22. An image processing apparatus according to claim 21, wherein said encoding means executes discrete wavelet transformation on the digital image and entropy encoding on converted data, and said control means controls the number of transformation levels of the discrete wavelet transformation.
23. An apparatus according to claim 21, wherein the resolution of the digital image is input from an external apparatus.
24. An apparatus according to claim 21, having a first mode for inputting a digital image of a first resolution and a second mode for inputting an image of a resolution equal to of the first resolution, wherein said control means sets the number of levels of the sub-band encoding in the first mode larger by one in comparison with the number of levels of the sub-band encoding in the second mode, thereby matching the resolution of a lowest frequency band.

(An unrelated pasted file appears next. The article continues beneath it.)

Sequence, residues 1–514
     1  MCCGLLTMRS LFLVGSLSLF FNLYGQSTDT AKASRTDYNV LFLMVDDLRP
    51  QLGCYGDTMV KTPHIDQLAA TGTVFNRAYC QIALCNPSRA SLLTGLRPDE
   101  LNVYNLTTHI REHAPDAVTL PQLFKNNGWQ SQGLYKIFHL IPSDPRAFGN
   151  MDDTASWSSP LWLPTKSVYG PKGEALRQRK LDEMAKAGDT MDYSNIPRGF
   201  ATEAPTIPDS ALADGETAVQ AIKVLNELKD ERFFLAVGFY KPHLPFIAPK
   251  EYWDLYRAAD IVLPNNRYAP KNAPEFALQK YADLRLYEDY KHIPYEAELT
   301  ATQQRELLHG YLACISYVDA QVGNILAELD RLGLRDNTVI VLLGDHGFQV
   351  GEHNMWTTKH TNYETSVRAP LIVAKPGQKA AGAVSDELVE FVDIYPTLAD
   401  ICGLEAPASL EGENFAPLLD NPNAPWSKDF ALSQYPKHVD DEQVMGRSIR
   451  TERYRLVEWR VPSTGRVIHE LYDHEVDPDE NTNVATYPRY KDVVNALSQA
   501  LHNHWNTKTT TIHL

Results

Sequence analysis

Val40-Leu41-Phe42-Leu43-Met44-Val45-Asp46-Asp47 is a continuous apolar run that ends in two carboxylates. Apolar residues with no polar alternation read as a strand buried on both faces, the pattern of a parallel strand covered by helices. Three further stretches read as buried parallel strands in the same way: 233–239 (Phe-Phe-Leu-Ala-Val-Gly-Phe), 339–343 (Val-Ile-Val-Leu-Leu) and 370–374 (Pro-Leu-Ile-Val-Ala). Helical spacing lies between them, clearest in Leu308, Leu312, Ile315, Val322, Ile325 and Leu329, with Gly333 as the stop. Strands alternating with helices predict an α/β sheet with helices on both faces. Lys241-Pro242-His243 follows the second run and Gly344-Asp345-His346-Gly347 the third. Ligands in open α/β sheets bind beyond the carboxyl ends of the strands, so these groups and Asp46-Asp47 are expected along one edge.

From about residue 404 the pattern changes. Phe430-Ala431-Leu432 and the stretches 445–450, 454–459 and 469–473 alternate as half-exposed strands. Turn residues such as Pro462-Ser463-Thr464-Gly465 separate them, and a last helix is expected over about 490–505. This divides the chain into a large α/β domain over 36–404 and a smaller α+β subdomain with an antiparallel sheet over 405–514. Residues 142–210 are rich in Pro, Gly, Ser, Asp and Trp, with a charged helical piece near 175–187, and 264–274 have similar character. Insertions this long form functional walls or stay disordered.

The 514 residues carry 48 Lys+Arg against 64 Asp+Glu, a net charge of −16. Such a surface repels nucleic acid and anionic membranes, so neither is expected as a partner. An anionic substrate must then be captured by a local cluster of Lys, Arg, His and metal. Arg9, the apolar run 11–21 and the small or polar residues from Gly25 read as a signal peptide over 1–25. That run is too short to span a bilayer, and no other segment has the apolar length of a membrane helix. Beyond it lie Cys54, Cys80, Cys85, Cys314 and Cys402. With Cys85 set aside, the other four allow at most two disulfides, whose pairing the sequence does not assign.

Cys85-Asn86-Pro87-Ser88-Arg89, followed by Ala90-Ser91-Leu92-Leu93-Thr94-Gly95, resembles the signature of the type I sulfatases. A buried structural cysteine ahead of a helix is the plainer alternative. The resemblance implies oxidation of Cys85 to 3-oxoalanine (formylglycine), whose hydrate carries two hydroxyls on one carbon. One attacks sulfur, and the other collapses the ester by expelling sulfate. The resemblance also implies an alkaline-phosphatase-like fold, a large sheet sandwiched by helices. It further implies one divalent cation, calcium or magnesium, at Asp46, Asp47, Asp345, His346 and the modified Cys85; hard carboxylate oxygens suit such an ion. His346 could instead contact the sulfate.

25. An image processing apparatus comprising:
encoding means for sub-band encoding an input digital image; and
control means for determining the number of levels of the sub-band encoding according to a size of the input digital image,
wherein said control means executes control in such a manner that the number of levels of the sub-band encoding becomes larger in an image of a larger size than in an image of a smaller size.
26. An apparatus according to claim 25, having a first mode for inputting a digital image of a first size and a second mode for inputting an image of a size equal to of the first size, wherein said control means sets the number of levels of the sub-band encoding in the first mode larger by one in comparison with the number of levels of the sub-band encoding in the second mode, thereby matching the resolution of a lowest frequency band.
27. An apparatus according to claim 25, wherein said control means determines the number of levels of the sub-band encoding according to both the size of the input image and the resolution of the input image.